Non-Executive Director at FOTW
Rob was Marketing and Brand Director of Sky Betting and Gaming for 6 years with FOTW as consistent partner agency. With the “Betting, Better” positioning, Sky Bet enjoyed market beating growth and became the UK’s most popular online sports book.
This time last year news broke that the major operators had uniquely and surprisingly coherently come together to agree to sign up to the ‘whistle to whistle’ ban for online gaming advertising during live sport on TV. This was an unprecedented proactive move by an industry under pressure from the public, media, regulator and campaigners. The move could have been applauded but there was barely a ripple from the baying crowd. So should they have made the commitment, what is the fall out and what should online gaming brands do to still build their brands with TV restricted by self-regulation?
The operators were really reacting to the furore after the World Cup, where the large TV audiences were ‘bombarded’ by gambling TV ads in what has been described as the normalisation of online gaming for the young. However the industry had reacted to an exceptional three week period that occurs every four years with a sledge hammer response. The response did not consider that the BAU TV advertising cycle for online gaming operators is about steadily accumulating audiences, with even peak live football reaching less than 1 million viewers. Children, which are the fair concern of all in this, are less and less likely to view Online Gaming TV ads as they are simply watching less TV. A recent report by ASA has backed this up, suggesting a 37% drop in online gaming ads viewed by children over a 4 year period has mainly been driven by a shift in their media habits.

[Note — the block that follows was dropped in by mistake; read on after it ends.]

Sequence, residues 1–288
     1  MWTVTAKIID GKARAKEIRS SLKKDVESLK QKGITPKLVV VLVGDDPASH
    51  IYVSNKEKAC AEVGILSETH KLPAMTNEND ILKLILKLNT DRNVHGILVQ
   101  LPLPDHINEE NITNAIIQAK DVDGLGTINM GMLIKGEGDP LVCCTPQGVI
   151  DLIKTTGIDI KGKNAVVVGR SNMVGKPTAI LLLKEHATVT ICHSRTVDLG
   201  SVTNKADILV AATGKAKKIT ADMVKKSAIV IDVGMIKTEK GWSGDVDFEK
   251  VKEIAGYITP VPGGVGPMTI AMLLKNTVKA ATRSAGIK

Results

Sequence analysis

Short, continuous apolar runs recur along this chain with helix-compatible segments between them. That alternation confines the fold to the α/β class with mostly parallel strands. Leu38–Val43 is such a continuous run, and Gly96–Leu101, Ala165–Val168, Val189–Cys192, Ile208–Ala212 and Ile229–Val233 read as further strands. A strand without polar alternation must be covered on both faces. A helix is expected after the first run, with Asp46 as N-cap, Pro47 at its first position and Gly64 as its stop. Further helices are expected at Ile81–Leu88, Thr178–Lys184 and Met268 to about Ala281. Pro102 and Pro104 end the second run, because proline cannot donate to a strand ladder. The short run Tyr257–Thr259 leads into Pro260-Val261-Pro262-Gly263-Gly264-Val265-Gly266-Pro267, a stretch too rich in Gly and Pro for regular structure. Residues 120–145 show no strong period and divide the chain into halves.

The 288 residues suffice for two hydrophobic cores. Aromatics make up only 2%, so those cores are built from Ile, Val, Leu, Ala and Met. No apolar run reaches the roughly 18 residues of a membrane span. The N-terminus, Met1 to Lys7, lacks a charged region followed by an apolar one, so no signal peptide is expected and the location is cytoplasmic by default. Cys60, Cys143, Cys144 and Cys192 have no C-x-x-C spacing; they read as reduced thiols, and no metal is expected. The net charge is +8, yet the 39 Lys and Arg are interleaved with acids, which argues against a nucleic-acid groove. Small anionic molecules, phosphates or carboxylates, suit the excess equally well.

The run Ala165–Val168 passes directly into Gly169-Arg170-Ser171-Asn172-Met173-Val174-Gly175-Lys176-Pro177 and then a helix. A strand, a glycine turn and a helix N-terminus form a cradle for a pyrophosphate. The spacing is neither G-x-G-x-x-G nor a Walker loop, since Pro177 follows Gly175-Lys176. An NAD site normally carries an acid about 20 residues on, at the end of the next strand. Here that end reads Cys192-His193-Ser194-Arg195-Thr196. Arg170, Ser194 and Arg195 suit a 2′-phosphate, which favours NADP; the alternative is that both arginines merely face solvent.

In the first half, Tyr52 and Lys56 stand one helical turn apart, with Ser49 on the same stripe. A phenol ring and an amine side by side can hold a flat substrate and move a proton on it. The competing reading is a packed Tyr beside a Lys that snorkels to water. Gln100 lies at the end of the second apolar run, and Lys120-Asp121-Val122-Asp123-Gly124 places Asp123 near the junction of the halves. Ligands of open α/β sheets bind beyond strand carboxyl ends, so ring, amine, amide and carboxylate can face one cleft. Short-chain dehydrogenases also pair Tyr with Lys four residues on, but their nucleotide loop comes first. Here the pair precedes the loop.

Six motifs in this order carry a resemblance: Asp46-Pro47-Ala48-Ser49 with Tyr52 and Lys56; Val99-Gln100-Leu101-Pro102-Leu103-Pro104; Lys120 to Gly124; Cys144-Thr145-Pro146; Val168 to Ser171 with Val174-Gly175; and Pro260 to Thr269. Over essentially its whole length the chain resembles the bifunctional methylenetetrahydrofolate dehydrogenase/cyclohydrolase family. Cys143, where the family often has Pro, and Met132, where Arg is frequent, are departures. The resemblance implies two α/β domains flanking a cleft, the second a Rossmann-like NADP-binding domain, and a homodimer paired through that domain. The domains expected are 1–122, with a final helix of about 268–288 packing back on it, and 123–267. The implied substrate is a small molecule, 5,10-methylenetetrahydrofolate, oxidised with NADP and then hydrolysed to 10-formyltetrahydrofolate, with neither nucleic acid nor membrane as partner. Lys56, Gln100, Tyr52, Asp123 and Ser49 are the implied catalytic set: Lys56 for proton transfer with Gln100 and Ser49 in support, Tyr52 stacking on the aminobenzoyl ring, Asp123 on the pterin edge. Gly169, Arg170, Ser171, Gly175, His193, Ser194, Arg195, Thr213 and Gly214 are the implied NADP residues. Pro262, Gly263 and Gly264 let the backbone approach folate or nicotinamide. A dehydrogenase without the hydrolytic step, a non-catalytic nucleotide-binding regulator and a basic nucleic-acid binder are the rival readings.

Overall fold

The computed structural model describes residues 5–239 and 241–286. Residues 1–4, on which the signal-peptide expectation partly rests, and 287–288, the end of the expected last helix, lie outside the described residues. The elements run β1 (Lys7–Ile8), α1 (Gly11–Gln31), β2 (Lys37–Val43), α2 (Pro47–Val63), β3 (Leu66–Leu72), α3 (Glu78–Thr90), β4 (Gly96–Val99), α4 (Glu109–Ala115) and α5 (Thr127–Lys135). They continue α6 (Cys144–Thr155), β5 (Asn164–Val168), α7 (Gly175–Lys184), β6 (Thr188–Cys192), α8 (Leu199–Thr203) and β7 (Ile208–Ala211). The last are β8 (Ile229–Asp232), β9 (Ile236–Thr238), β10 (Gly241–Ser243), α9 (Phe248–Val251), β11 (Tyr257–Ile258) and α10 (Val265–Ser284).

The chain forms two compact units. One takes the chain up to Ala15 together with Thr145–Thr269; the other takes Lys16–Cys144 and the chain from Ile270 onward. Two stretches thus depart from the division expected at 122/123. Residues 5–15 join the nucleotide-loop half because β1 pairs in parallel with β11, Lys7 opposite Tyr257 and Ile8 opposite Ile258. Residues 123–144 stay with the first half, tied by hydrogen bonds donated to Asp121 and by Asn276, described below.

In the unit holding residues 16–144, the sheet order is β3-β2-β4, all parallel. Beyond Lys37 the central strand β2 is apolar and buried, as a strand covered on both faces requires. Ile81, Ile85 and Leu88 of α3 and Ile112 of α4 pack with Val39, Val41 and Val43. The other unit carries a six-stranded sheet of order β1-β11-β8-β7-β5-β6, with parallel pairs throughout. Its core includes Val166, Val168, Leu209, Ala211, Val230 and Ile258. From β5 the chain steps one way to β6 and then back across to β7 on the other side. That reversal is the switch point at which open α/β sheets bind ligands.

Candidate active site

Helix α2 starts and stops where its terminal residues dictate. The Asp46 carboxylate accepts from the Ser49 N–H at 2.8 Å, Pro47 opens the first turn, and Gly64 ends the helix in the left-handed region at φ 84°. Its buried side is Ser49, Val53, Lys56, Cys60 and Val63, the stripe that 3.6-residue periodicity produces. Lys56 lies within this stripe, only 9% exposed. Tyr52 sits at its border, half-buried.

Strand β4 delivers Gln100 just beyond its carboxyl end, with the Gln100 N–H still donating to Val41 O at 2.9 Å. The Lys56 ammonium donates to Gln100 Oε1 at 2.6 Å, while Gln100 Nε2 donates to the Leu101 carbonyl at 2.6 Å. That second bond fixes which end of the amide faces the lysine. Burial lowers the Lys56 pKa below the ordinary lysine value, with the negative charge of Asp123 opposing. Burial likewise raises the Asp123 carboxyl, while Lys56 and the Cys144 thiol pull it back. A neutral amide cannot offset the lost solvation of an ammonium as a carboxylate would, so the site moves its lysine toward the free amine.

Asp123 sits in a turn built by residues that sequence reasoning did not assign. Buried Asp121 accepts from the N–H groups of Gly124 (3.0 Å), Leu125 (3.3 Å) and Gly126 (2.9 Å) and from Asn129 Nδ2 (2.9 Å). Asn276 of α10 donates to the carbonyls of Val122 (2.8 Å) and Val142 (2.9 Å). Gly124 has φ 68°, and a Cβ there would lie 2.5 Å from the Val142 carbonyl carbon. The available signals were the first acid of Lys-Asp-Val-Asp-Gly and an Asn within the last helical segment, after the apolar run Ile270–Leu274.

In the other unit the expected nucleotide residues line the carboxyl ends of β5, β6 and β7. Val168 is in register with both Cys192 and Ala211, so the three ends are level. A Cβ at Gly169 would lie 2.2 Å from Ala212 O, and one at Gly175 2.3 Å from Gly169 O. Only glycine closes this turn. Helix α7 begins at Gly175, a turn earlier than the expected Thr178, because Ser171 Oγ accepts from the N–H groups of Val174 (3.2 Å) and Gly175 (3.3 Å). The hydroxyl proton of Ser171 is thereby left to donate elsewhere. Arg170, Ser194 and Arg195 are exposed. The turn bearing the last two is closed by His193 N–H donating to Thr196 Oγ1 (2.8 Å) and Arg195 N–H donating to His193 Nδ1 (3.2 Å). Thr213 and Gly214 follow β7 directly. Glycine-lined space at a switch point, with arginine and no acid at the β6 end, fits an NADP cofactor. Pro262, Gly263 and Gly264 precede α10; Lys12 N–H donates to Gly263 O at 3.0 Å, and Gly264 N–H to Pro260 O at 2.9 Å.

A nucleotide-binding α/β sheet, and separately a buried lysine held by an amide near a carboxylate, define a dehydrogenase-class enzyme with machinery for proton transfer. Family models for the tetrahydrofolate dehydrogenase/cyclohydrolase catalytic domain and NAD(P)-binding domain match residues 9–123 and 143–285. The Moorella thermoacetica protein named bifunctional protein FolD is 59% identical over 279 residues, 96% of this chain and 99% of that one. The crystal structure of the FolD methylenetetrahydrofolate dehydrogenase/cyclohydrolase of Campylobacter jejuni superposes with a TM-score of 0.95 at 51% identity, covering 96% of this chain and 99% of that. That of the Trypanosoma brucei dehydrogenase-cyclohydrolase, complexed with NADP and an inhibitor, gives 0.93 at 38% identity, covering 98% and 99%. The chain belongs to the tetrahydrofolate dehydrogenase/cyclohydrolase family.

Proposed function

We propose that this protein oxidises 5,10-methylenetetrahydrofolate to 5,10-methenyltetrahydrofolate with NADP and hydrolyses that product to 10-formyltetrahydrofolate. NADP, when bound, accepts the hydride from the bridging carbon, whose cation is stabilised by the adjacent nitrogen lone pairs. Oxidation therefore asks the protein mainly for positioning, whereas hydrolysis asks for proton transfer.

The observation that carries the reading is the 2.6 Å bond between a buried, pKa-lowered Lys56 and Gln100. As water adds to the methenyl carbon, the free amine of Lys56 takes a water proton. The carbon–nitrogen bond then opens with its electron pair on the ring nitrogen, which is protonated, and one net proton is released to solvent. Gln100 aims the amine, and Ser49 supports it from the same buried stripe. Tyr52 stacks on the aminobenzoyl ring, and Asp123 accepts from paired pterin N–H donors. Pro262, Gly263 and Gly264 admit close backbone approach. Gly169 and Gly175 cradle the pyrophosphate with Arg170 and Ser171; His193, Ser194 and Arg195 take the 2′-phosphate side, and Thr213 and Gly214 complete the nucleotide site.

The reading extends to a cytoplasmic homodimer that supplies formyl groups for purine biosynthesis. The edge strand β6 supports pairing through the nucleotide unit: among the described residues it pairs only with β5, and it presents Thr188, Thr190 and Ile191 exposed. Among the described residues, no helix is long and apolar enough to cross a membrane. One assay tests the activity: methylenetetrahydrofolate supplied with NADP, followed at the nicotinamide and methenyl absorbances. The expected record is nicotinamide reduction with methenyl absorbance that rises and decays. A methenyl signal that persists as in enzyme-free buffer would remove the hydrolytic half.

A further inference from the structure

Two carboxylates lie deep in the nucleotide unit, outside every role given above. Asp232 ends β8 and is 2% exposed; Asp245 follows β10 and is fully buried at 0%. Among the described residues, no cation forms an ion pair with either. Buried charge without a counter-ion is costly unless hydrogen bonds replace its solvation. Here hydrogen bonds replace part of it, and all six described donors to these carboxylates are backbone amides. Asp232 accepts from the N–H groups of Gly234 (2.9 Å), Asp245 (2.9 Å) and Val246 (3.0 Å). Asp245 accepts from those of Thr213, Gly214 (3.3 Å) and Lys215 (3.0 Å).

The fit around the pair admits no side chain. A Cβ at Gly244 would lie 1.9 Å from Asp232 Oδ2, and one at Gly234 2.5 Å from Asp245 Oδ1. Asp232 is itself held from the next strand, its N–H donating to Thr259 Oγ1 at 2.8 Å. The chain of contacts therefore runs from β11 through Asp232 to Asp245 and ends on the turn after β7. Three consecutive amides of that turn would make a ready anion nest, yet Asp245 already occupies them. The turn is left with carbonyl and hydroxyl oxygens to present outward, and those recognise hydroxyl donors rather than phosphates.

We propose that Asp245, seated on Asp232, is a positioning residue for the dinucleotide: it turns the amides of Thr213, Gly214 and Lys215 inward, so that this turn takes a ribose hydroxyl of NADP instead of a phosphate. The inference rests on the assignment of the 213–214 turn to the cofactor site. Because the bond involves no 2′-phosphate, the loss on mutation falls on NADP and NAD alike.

There was no relationship between advertising volumes and ludomania but the lack of evidence was side stepped by everyone. Simply the broadcasters should have been given more time to come up with a solution that listened to concerns of the public and provide a pragmatic solution.
There are many more things operators can do to mitigate the risk of ludomania and the chance of online gaming advertising reaching the young and the vulnerable. TV advertising was the froth on the top that catches a headline or two but light on the real concern of ludomania. The marketers of online gaming operators were concerned. Their proven and best channel for increasing marketing effectiveness by a staggering 40% – as quoted by Les Binet and Peter Field – had become hamstrung. Operators were accustomed to using TV to build their brands, to persuade, engage, excite, to mobilise a response. TV gives you your voice and personality. Without it, I fear online gaming brands will become less relevant and less salient. It could have a detrimental long term effect on revenues and brand value. So what should operators do in response beyond reinvest? Here are a few views…
There’s nothing better than TV. Supply has gone down and prices have gone up but you can still reach your audience – you just have to have more patience in it achieving what you need it for.
Maybe we wouldn’t have been in this position if the ads had simply been better. Find creative that your audience will enjoy rather than reach for the mute button.
With fewer eyeballs on your ads you had better make sure they work very hard for you. You will need agency and internal teams well versed in all the tricks of Direct Response.
Too many marketing campaigns do not sweat every channel or assign clear phases and roles for each channel. Do this to make your money go further and get crystal clear about the role of TV, even if it is diminished as a quick reach building medium.
Replace some of your TV spend with story telling through engaging content in social platforms. Don’t use your social channels for transactional communications; invest in high quality content to entertain your audiences and promote your brand promise.
If scale is hard to generate with TV look to the major sports events for you to be part of. They can offer great brand exposure to keep your awareness up even if these activations fall short compared to the persuasive nature of telly. The problem here is with the TV concession already made by the operators, the campaigners predictably moved sports sponsorship into their cross hairs!
Online gaming operators should be using TV to promote safer online gaming. This should be allowed to run even during live sport on TV to maximum audiences. Surely this particular own goal could be ruled out by a VAR ruling?
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